The Law Was Never Our Own: The Robert Bosch Foundation Fellowship, the German Law Journal, and the Meaning of Comparative Law
Washington and Lee University - School of Law
Peer C Zumbansen
Dickson Poon School of Law - King's College London
BUILDING A NEW TRANSATLANTIC GENERATION - ESSAYS BY BOSCH ALUMNI, p. 144, R. Stefan Szwed, ed., 2004
Washington & Lee Legal Studies Paper No. 2012-3
For twenty years the Robert Bosch Foundation’s Fellowship has been contributing to the comparativist movement in the most poignant of ways: it has invited scores of American lawyers to work alongside their German colleagues, giving both invaluable opportunity to think about and learn from one another. These American lawyers have been given the most privileged, first-hand views on the practice of law, the legislative process, and the function of the judiciary in Germany.
The Robert Bosch Foundation’s Fellowship has implicitly posited a dramatically new comparativist vision. While not abandoning the traditional justification for comparative legal analysis, the Fellowship at the same time serves as an internationalist, non-state-centered comparative juristic enterprise. The Fellows’ experience with the life of German law necessarily contains a challenge to the national character of German law. The Fellows are urged to make a distinct but not insignificant proprietary claim on German law. They ‘have’ German law in a way that invites us to imagine the ‘denationalization’ of the law and concomitantly the erosion of the nation-state’s privileged responsibility for and authority over the law. This perspective is particularly challenging so long as the law’s main frame of reference continues to be circumscribed and identifiable nation-states and so long as the promulgation and maintenance of a domestic legal order is understood as an (if not the) essential expression of statehood.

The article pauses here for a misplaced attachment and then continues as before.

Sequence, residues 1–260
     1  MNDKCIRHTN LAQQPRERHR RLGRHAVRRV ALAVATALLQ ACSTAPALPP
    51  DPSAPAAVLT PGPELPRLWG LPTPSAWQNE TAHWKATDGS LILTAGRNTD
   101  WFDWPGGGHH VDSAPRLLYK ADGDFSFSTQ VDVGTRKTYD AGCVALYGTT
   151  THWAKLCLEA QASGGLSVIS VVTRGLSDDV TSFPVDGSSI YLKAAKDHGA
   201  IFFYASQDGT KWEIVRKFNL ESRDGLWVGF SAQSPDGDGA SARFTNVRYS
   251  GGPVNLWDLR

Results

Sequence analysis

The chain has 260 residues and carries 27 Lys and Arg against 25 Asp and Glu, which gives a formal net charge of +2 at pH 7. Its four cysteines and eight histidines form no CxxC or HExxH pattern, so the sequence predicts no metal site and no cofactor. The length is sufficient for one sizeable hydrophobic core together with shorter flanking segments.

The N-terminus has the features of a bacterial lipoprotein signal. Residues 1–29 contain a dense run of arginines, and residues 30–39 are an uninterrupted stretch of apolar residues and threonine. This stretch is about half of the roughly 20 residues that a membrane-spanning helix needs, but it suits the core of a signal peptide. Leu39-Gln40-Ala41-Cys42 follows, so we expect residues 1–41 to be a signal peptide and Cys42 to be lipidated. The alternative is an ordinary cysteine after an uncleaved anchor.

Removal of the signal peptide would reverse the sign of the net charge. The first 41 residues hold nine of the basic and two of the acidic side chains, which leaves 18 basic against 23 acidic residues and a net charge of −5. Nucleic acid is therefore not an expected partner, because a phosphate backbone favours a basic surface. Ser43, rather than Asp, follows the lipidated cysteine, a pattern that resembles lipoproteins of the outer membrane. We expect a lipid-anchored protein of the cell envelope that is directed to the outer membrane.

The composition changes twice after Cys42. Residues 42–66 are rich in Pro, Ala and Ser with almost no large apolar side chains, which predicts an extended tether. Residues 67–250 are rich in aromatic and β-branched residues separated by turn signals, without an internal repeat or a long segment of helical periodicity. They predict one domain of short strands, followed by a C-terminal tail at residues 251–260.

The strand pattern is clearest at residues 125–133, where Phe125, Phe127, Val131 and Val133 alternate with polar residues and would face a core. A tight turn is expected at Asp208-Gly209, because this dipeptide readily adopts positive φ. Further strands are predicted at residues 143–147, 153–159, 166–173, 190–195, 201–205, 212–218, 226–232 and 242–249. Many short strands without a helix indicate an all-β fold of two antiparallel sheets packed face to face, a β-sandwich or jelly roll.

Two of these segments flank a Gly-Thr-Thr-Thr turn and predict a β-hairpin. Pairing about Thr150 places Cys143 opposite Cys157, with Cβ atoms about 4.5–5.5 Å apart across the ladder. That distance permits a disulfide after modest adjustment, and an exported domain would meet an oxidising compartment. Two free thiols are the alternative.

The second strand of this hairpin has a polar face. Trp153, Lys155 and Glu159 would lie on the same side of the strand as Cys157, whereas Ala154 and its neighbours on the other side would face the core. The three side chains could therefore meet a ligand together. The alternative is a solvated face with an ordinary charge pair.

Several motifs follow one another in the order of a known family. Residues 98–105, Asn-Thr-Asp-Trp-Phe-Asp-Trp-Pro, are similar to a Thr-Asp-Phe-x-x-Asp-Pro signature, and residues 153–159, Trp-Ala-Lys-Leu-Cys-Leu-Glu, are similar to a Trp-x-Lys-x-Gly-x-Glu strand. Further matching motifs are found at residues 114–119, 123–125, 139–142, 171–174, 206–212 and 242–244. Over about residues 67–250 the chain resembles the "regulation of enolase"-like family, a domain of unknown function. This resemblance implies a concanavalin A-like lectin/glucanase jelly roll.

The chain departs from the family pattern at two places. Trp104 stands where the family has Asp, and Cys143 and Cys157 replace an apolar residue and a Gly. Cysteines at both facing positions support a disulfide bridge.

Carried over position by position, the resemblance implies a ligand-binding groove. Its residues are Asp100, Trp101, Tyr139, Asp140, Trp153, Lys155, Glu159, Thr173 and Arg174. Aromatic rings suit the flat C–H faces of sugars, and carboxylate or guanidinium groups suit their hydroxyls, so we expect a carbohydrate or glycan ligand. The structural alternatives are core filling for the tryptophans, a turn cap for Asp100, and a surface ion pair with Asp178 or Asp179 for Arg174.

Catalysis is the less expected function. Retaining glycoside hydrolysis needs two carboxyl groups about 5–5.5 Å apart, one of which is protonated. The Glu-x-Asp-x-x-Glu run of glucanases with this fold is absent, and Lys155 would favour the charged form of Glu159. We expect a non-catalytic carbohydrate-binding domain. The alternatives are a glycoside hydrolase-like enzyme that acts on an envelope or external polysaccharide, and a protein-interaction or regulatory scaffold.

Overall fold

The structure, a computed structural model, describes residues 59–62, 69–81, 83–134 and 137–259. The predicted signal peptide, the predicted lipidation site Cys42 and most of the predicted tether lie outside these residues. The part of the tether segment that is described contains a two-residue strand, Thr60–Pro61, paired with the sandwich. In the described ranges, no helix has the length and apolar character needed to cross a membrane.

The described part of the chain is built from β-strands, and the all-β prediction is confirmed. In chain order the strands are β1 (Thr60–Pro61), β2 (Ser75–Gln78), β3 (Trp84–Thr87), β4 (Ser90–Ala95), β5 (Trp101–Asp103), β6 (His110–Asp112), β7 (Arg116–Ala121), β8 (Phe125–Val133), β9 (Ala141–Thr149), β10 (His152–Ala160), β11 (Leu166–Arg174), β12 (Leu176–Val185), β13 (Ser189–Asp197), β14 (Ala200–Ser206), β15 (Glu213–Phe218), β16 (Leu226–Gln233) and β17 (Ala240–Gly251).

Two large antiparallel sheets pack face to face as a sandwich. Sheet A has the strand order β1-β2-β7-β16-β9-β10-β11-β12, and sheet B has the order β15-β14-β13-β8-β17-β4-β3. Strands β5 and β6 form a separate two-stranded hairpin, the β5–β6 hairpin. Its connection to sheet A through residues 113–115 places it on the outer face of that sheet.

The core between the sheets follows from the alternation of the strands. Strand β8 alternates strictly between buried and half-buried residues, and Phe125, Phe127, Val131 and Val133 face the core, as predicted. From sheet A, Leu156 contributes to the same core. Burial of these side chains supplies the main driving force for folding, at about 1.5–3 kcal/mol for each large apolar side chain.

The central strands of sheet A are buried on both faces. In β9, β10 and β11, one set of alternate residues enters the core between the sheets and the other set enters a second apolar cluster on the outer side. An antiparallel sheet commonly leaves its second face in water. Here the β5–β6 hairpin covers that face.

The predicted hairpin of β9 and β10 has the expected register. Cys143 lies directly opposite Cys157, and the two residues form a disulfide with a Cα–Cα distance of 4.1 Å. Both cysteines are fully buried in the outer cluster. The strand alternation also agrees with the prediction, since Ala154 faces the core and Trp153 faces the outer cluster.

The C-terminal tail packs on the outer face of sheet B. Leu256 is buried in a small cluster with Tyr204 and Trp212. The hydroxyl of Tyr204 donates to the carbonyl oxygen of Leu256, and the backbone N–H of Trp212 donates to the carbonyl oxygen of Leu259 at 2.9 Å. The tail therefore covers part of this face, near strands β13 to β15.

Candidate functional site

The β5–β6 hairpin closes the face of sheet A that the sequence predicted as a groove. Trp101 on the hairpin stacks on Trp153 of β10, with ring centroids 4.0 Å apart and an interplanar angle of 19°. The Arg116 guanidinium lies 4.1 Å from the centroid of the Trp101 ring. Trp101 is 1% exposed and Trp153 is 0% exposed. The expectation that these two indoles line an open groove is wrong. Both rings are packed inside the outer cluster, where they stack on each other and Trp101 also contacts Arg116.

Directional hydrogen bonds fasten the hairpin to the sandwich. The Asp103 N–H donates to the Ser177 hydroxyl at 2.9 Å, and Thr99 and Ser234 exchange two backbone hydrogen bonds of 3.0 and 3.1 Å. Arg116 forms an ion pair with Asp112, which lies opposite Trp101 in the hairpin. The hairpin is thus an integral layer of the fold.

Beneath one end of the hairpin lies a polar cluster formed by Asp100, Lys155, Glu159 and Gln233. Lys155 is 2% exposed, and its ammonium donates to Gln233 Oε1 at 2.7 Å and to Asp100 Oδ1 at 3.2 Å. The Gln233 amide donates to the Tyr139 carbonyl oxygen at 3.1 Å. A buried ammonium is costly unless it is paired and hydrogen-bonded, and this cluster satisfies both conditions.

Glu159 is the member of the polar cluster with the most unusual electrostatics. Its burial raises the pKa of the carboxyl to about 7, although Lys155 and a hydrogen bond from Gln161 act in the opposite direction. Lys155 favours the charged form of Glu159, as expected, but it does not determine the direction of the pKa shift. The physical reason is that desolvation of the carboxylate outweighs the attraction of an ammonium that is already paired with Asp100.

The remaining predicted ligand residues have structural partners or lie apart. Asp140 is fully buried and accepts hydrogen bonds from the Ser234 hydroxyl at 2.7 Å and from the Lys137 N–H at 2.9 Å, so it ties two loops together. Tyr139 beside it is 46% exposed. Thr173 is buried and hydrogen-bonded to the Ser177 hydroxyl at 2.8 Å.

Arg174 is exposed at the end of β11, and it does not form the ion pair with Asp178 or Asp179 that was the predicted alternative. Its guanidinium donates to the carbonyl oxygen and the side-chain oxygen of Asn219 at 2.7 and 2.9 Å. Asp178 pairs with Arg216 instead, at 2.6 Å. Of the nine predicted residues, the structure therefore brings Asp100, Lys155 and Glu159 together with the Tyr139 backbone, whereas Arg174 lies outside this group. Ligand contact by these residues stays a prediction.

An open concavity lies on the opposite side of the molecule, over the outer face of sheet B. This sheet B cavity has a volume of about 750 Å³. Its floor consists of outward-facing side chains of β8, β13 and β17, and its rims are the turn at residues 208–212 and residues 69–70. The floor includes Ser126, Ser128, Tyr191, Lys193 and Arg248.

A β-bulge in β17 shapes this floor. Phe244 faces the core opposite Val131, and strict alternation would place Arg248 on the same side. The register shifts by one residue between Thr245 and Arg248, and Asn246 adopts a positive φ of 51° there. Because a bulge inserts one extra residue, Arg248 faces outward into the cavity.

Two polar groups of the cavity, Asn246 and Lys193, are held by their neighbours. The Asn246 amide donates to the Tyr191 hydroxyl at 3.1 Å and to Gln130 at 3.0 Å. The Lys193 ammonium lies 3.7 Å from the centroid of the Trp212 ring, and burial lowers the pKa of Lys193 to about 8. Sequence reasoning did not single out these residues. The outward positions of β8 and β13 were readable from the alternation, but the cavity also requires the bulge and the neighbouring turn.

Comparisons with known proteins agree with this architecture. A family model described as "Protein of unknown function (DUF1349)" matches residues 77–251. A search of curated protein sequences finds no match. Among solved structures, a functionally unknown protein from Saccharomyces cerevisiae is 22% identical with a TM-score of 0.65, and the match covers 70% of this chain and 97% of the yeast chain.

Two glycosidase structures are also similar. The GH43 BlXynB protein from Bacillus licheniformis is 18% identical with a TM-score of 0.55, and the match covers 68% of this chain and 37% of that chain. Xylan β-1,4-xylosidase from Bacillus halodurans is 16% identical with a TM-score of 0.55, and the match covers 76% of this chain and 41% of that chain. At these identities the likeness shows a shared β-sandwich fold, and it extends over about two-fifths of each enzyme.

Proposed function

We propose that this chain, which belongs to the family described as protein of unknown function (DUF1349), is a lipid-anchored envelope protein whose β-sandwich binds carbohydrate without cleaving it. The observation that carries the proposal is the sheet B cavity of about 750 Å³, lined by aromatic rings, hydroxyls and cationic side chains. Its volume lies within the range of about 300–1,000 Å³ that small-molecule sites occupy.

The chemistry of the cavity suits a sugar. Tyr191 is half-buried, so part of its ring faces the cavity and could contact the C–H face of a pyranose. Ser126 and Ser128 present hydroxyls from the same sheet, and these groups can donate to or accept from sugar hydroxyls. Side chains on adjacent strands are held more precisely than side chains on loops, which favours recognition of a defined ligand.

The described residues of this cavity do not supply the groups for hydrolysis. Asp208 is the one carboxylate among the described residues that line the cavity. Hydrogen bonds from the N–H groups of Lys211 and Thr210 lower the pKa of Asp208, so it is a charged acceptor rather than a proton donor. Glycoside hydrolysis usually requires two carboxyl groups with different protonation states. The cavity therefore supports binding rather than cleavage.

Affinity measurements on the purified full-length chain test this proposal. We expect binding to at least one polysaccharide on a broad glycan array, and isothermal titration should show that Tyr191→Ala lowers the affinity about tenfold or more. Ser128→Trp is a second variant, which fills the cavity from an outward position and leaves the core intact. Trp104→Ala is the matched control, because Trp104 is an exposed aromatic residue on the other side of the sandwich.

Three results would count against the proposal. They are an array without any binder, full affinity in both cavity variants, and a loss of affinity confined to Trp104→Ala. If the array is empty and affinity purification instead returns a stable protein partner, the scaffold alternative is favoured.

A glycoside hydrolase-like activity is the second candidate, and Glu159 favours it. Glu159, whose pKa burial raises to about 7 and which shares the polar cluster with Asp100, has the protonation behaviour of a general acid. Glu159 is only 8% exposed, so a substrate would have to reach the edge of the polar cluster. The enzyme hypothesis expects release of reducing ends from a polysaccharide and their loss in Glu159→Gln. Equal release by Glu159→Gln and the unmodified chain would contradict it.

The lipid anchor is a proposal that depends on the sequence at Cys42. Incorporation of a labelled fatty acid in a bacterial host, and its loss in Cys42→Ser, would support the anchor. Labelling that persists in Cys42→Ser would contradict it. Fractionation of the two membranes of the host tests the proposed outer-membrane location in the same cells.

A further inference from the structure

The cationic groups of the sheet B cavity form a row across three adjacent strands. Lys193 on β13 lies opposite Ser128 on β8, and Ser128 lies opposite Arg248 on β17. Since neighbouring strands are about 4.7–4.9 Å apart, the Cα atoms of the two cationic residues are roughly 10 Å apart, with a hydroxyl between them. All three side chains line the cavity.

Number of Pages in PDF File: 10
Keywords: comparative law, international law, transnational law
JEL Classification: K10, K33
Date posted: February 2, 2012
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